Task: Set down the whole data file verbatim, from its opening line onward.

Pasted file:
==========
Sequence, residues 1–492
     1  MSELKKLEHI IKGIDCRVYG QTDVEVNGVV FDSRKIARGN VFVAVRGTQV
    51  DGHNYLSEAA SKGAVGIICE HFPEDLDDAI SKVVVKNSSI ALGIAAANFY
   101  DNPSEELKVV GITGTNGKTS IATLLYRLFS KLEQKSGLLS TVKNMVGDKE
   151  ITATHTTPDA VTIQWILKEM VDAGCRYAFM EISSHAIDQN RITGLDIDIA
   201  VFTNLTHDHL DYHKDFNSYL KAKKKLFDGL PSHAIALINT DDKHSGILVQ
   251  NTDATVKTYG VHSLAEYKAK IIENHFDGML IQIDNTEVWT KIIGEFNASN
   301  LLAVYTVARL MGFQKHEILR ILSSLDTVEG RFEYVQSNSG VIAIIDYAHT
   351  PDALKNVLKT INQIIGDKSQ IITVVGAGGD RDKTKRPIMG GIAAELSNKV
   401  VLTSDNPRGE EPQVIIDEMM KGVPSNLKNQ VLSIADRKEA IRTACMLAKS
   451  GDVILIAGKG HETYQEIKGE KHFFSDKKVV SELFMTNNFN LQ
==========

Sequence, residues 1–492
     1  MSELKKLEHI IKGIDCRVYG QTDVEVNGVV FDSRKIARGN VFVAVRGTQV
    51  DGHNYLSEAA SKGAVGIICE HFPEDLDDAI SKVVVKNSSI ALGIAAANFY
   101  DNPSEELKVV GITGTNGKTS IATLLYRLFS KLEQKSGLLS TVKNMVGDKE
   151  ITATHTTPDA VTIQWILKEM VDAGCRYAFM EISSHAIDQN RITGLDIDIA
   201  VFTNLTHDHL DYHKDFNSYL KAKKKLFDGL PSHAIALINT DDKHSGILVQ
   251  NTDATVKTYG VHSLAEYKAK IIENHFDGML IQIDNTEVWT KIIGEFNASN
   301  LLAVYTVARL MGFQKHEILR ILSSLDTVEG RFEYVQSNSG VIAIIDYAHT
   351  PDALKNVLKT INQIIGDKSQ IITVVGAGGD RDKTKRPIMG GIAAELSNKV
   401  VLTSDNPRGE EPQVIIDEMM KGVPSNLKNQ VLSIADRKEA IRTACMLAKS
   451  GDVILIAGKG HETYQEIKGE KHFFSDKKVV SELFMTNNFN LQ